CATF: a forestry fund with over USD 202 Mio in assets
Over 6,200 Ha of land, of which more than 3,701 Ha cultivated and divided over 117+ farms in various regions of Costa Rica. Variations in plantyears, ranging from 2001 till 2014 and the first major fellings occuring in 2016.
The main objective of CATF is to provide unitholders with attractive long term total returns, in the form of current income and long-term capital appreciation, through investing in a portfolio of diversified teakwood assets. CATF’s assets are invested throughout Costa Rica, an emerging teakwood investment market with positive return expectations.
The choice of Costa Rica has several advantages for the investors as Costa Rica has a large variety of climates. The lowlands are hot with in many cases a distinct wet and a dry season. This climate is very similar with the climates of its original habitat. Fertile soils are abundantly present were teak has proven to grow very well. Hurricanes are rare since the normally the hurricanes are coming from the north east, and generally are landing in Nicaragua before hitting Costa Rica.
Investments will be held (in)directly by the Fund and can be structured through Costa Rica trusts that each owns the land, on which the teakwood assets will be (are) planted and grow. Investments may be made or structured using equity or quasi-equity instruments or any variation thereof, at the level of CATF, each time at the discretion of the management company, mostly whilst awaiting teakwood investment opportunities.
The plantations are located in Costa Rica and divided over 117+ farms in the Northern and Western part of the country throughout four different regions and exposed to different oceans. As the farms are not correlated and independent to each other, environmental and natural disasters risks will therefore have a limited impact on the total portfolio. None of the investment in the 117+ farms represents more than 30% of overall exposition. The map above illustrates the spreading of the farms.
Costa Rica comprises 51,100 square kilometres, whereby in comparison e.g. the Netherlands comprises 41,526 square kilometres and Luxembourg 2,586 square kilometres.
The teakwood tree
Tectona grandis is a large deciduous tree with a rounded crown and, under favourable conditions, a tall clean cylindrical bole of more than 25m. Naturally it is growing in India, Burma, Thailand and Laos (Keogh, 1987). Over most of its range, teak occurs in moist and dry deciduous forests below 1,000m elevation and is one of the several species constituting mixed forest stands. It grows best in localities with annual rainfall of 1,250 to 3,750mm, minimum temperature of 13.2 to 17.2C and maximum temperature of 39.2 to 43.2C. It is now widely grown in all tropical areas of the world (Pandey, 2000).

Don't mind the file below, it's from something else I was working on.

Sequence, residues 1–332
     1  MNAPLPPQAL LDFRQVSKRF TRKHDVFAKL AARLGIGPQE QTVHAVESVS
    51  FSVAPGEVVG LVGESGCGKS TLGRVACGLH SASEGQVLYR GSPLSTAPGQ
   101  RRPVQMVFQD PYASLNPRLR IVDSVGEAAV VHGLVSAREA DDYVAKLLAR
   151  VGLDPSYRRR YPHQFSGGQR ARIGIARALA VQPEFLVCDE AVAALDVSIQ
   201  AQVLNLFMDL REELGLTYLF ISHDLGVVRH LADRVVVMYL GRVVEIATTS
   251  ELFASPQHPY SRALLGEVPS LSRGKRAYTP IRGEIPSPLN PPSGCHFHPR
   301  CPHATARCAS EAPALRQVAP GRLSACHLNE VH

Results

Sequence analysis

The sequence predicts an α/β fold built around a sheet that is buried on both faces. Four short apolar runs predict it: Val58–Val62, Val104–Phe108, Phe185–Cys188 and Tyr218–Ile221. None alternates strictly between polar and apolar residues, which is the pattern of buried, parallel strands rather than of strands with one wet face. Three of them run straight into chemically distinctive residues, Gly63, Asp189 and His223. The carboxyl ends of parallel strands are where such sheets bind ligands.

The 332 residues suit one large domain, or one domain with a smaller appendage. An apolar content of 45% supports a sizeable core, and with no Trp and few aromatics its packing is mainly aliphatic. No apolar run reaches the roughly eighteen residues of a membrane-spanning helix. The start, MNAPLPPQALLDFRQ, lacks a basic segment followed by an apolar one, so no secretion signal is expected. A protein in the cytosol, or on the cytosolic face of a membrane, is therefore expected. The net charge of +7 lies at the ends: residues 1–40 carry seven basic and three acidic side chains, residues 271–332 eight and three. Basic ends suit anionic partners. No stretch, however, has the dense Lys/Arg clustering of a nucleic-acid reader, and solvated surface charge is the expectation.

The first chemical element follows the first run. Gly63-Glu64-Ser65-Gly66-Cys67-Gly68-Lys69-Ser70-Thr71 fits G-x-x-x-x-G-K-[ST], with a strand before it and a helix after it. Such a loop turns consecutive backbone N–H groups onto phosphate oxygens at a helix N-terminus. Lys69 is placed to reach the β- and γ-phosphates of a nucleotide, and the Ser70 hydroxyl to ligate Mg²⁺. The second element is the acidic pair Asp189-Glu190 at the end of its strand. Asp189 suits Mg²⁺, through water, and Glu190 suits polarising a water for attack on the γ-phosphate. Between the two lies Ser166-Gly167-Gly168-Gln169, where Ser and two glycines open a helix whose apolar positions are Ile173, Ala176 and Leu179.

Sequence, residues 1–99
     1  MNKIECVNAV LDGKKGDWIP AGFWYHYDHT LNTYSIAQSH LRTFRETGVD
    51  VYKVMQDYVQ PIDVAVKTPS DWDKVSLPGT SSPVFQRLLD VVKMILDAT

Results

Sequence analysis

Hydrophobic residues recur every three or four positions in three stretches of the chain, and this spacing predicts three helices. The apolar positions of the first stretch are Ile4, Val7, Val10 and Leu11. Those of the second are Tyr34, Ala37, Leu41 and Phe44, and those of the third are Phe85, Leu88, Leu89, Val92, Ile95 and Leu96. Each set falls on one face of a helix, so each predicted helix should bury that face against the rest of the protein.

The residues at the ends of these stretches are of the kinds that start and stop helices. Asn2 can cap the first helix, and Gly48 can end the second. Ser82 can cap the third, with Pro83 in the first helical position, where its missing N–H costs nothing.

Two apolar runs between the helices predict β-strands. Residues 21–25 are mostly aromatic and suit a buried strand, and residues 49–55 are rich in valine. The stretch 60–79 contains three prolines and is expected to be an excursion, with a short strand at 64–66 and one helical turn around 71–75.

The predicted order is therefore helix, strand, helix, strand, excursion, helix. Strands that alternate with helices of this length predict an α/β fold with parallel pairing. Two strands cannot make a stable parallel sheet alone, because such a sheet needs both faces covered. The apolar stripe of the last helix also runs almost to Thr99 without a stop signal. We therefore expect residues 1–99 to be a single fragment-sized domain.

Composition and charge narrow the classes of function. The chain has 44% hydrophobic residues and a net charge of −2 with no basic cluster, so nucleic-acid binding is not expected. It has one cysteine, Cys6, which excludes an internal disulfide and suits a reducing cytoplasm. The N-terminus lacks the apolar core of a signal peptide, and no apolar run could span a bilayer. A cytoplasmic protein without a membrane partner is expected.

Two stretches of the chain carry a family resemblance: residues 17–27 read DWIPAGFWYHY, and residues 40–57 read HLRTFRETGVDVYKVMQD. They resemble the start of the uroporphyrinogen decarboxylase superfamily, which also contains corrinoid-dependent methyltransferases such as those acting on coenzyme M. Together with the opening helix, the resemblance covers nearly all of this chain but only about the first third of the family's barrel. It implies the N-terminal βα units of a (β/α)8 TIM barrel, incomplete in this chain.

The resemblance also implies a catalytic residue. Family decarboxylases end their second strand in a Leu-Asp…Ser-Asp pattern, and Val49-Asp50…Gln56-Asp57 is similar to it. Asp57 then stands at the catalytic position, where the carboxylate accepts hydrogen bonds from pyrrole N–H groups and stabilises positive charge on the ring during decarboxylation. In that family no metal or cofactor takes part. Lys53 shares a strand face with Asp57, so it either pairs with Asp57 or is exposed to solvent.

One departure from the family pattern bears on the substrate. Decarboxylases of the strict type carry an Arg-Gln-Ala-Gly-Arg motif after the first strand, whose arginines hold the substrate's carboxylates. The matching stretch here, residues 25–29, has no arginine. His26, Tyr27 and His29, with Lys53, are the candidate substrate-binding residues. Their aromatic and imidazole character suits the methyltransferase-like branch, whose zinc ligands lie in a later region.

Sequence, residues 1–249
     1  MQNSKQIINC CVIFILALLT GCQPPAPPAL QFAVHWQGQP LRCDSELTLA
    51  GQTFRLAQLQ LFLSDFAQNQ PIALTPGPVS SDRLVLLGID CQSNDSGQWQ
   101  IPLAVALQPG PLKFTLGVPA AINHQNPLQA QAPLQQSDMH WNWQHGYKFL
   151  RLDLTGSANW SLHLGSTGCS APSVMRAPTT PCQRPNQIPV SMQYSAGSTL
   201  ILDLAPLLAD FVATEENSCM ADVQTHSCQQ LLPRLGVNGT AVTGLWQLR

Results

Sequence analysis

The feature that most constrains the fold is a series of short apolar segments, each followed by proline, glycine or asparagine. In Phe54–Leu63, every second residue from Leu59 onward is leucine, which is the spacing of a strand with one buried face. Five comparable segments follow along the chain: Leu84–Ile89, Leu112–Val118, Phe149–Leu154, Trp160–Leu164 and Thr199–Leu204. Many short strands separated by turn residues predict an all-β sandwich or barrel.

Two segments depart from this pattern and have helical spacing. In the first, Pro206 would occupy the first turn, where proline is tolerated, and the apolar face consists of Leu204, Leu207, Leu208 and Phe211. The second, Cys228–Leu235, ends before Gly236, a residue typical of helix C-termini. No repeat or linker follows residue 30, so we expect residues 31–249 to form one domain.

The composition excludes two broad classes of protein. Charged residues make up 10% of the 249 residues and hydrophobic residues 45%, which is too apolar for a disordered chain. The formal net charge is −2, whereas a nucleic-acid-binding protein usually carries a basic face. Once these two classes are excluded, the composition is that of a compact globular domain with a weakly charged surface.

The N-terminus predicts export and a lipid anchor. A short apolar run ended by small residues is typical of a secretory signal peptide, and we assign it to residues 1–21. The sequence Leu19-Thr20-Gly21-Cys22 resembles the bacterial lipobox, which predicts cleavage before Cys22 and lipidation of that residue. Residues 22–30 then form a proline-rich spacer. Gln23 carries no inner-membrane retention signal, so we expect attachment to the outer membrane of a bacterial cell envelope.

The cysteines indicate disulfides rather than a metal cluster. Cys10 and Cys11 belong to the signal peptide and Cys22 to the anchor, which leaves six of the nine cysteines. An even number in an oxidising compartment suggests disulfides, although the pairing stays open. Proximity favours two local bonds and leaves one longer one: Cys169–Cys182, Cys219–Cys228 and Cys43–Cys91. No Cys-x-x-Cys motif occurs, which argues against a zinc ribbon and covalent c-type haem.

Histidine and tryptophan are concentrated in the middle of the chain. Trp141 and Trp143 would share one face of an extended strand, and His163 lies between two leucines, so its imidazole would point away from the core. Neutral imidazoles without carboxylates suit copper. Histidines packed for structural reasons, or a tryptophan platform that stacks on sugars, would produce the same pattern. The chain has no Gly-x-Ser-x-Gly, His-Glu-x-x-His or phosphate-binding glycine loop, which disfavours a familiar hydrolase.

Please note that the teakwood trees are not a local essence therefore the rules concerning the salvage thinning of teak trees is not subject to Costa Rica law regarding forest protection. Teak is a fire-resistant species which grows a thick bark, similar to tropical pines such as Pinus caribaea and Pinus oocarpa.
Once they reach the size of saplings 8 to 10m tall, and diameters greater than 10 to 15cm, they become quite resistant to wildfires (Centeno, 2004). Fire resistance is an important advantage for teak management on sawtimber rotations and is an important factor when considering investments in tree plantations.
Generally after three years, the tree is strong enough to hold itself straight up under normal circumstances. After approximately 10 years, only heavy storms can damage a teakwood stand seriously. Teak is very drought resistant (Parco, 2010). Especially older trees, that have its roots well developed and are able to drop all their leaves during the dry season more easily than younger trees, which are, therefore, slightly more sensitive for drought (Rajesh, 2003). Theft is a low risk in most of the circumstances, as long the plantations are not abandoned. Young trees are easy to transport and sometimes, the people living close to the plantations might be using the trees for their own construction. The overall damage is generally not huge; the value is low of such trees. Older trees have a higher value, but transporting larger trees without proper equipment is not easy. Bringing the proper equipment will cause attraction to the act.
Age class existing plantations and felling schedule
The plantations vary in ages, which reduces the investment risks as younger trees (less than 3 years) are more vulnerable to damages mentioned above. The Fund has over 6,200 Ha of land of which 3,701 Ha are cultivated with teakwood.